After two months of lockdown and with the prospect of more good weather, it seemed about time to reconvene the South West London CAMRA cycling section. We would be few and socially distanced enough, exercise was important and, thanks mostly to all the information on the regional website, we knew where and when to find liquid refreshment. As it turned out, we enjoyed five successive Saturdays of fresh air, beer and cider.
For our first outing, three of us left Colliers Wood at 9.30 and arrived at Real Ale Way, Hayes (Kent), just as it opened at 11. The four pint container was filled with Tonbridge Traditional (3.6% ABV), which we shared on the way up to Downe. There, the Queen’s Head was open by 12 and we sat under a tree enjoying Westerham Summer Perle (3.8% ABV) from a new cask. Then it was comfortably downhill to Orpington Liberal Club for Whitstable Safe Anchorage Mild (3.8% ABV). While ordering, we missed the day’s only sudden squall outside. After climbing past Orpington station, we then zigzagged across to the One Inn the Wood for some Burning Sky Plateau (3.5% ABV) to last the ride back. Calling in again at Real Ale Way, just about to close, I exchanged the two glasses we’d hired for two pints of Biddenden Dry Cider (8% ABV) for home. We took our time on the way back via Norwood Junction; the wind had turned against us but all was well.
The next week, I’d had virtual meetings to attend until 1.30 and so 2pm at the far south west corner of Wimbledon Common was our starting point. Just two of us headed past the windmill, under the A3 and through Roehampton and Mortlake to the Thames Path, Kew Bridge and Brentford before cycling up the canal towpath to Old Hanwell. The Green W7 was our timely filling station, with cask beers at £10 for three pints. We took on four of Oakham Citra (4.2% ABV) and two of Twickenham Naked Ladies (4.4% ABV) for our onward route via the locks and Windmill Bridge, Brunel’s remarkable road over canal over railway edifice, where we emerged to return via Syon Lane to Kew Bridge. There we turned right and up the Thames Path via Richmond to Kingston. A refill of Twickenham Grandstand (3.8% ABV) from the Willoughby Arms refreshed a final stop off the new ‘C31’ woodland cycle track between New Malden and Raynes Park.
On 6 June, two of us again headed from Colliers Wood via Wallington and Woodcote down to Coulsdon, under the railway bridges and up to Old Coulsdon, skirting Caterham before dropping down to Whyteleafe; we wouldn’t have wanted to be climbing that one in the other direction. The Radius Arms was already busy with takeaway customers. I filled up with Surrey Hills Ranmore Ale (3.5% ABV). Heading back down the valley towards Croydon, we took Riddlesdown Road, a dirt track across open countryside with a seat for a timely drink stop, before heading north east up past Sanderstead and into Selsdon. A second micropub, the Golden Ark, supplied Yeovil Star Gazer (4% ABV) and from there it was downhill to Hayes. (My companion had missed the earlier trip.) Larkins Pale (4.2% ABV) was a must for the ride back via Elmers End, and this time it was four pints of that wonderful Biddenden cider for ‘lockdown’ at home.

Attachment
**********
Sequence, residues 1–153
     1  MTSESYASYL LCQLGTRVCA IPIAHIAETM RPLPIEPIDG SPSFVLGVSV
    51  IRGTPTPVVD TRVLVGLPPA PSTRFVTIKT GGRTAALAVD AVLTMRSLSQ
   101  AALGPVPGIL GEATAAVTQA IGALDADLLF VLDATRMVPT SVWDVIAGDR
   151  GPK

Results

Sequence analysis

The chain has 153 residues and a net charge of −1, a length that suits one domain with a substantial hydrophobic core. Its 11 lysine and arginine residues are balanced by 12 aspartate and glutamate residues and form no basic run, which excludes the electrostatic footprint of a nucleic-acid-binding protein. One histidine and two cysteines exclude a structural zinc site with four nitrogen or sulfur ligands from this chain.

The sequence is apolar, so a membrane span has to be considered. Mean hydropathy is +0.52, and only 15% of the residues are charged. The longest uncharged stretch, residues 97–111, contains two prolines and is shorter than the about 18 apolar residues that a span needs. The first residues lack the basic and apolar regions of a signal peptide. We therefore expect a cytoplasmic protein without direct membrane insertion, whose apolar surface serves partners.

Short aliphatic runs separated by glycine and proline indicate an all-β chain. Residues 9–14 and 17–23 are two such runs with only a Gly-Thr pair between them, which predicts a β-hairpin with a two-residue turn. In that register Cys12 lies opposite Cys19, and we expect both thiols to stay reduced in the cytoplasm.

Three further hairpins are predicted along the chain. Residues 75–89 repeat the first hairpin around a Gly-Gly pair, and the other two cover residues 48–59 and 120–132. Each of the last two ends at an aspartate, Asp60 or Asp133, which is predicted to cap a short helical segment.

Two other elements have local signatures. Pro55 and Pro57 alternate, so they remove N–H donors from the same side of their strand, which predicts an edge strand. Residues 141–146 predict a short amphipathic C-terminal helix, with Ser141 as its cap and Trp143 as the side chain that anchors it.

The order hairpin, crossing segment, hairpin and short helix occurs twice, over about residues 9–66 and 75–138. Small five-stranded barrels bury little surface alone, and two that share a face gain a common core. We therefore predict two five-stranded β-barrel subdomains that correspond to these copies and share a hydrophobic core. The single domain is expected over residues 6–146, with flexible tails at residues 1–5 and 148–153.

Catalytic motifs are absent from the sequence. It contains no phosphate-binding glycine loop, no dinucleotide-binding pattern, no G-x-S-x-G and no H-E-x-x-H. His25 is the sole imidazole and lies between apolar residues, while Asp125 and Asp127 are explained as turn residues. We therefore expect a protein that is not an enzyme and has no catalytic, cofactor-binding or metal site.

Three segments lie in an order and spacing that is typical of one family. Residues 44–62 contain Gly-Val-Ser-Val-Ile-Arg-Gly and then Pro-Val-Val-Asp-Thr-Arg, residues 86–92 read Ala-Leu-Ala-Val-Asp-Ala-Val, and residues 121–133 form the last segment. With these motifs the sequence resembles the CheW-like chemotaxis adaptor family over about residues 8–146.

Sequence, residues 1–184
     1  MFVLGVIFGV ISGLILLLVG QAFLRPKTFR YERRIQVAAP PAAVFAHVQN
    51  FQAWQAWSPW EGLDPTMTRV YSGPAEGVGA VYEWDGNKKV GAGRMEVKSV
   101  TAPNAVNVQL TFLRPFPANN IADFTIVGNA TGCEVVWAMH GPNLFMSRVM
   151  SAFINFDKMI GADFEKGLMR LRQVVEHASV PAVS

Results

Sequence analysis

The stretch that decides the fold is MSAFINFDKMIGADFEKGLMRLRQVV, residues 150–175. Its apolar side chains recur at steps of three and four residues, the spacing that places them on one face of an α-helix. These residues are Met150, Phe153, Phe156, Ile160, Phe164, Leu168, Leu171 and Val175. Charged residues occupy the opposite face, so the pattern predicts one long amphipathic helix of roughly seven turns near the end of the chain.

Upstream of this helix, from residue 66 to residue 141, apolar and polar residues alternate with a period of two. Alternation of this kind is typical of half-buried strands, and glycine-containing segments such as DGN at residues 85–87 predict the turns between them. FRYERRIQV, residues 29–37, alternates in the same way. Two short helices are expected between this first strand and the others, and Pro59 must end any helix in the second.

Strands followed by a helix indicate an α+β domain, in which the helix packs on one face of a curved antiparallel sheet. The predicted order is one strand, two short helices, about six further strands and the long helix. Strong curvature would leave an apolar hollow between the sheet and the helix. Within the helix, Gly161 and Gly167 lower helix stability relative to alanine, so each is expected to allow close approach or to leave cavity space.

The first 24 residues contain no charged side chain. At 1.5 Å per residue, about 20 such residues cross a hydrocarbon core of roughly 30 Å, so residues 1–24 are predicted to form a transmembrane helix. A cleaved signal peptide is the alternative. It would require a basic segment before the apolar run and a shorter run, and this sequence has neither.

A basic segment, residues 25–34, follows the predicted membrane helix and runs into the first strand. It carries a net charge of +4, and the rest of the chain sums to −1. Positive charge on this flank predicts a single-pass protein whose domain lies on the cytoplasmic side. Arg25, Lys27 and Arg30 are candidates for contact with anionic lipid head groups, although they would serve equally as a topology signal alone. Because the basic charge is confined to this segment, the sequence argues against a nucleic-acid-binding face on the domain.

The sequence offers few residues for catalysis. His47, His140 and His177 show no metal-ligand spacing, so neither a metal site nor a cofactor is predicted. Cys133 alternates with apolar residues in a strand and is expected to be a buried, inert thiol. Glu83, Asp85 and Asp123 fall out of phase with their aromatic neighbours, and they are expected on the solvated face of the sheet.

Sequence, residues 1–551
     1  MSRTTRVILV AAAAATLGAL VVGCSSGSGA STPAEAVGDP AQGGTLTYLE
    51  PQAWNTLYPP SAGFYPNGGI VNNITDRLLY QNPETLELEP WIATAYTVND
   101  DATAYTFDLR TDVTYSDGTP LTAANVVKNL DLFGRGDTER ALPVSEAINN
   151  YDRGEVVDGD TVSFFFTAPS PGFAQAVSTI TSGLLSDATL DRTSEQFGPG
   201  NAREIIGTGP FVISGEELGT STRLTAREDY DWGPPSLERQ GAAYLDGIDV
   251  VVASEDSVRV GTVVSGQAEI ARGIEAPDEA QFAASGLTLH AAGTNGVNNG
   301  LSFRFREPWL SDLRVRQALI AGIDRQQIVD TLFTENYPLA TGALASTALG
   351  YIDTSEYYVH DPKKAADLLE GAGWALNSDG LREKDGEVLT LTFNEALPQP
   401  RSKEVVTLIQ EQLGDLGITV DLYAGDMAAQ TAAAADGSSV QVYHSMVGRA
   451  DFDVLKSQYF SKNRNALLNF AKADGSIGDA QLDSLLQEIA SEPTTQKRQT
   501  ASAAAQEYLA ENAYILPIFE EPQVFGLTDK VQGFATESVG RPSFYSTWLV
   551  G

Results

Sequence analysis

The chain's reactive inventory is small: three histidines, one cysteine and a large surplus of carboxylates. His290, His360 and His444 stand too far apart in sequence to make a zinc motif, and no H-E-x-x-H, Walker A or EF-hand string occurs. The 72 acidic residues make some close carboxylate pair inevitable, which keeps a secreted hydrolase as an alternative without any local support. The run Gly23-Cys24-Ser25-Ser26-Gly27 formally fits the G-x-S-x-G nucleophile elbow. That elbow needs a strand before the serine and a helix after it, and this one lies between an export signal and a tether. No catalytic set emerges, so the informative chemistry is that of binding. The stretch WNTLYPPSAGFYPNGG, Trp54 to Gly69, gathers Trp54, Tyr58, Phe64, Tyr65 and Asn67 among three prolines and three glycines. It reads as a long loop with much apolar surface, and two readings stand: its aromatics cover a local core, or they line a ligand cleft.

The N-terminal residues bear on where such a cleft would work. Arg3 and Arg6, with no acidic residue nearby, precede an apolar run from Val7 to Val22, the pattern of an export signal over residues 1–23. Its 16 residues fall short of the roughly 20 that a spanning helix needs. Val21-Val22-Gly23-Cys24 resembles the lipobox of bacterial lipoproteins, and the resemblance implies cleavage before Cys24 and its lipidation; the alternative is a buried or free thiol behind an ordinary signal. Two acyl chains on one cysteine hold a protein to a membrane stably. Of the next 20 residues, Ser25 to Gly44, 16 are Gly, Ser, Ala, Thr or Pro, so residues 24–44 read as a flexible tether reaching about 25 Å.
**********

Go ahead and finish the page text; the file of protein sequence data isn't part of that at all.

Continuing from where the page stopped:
Four of us set off mid-morning a week later, this time up the main drag through Stockwell, over Waterloo Bridge and on to the canal towpath in Islington. With other commitments, one turned back from Dalston and a second after our first refreshment stop. We drank pints of Signature Roadie (4.3% ABV) from the Cat & Mutton in Broadway Market on the corner of London Fields. Next was the Pembury Tavern; for me it was two pints of Five Points Micro Pale (2.8% ABV), to enjoy in South Mill Fields before we turned on to the Lee Navigation towpath. Soon we cut across through Walthamstow Wetlands, then northwards and over into Blackhorse Lane for Wild Card Brewery: a litre bottle each of Passion Fruit Gose (4.8% ABV) for another bench stop on the signposted cycle route across Tottenham Wetlands. From there we found a route to a footbridge over the North Circular and were welcomed at Beerblefish Brewery in Edmonton for container refills of TNT (4% ABV). Returning, we stopped at the Prince in Wood Green but the queue was long and slow. Instead we kept going, down past King’s Cross and, after walking past police manoeuvres on Waterloo Bridge, we were back at Merton in time for a booked collection from the Trafalgar.
Following another virtual meeting on 20 June, it was a second Wimbledon Common rendezvous, this time with my companions from the Downe trip. After a quick tube replacement only yards along the path (an old patch had blown suddenly over an enlarged puncture), we took a shorter route to the Thames Path at Barnes and then cut through Northfields back to the Green W7. For our four pints we chose Rebellion IPA (3.7% ABV), with the other two of Naked Ladies again. We stayed on the Grand Union towpath out past Windmill Bridge to the junction at Bull’s Bridge beyond Southall, then turned along the Paddington Arm and past Greenford, Alperton and Harlesden before leaving it at Ladbroke Grove. Just up into Kensal Rise, the Parlour had Five Points Pils (4.8% ABV) on tap and the four pints of that – at only £3 each – saw us home via Hammersmith, Putney and Wandsworth.
More outings are planned for as many thirsty riders as are welcome to join us. Just drop me a line at email@example.com.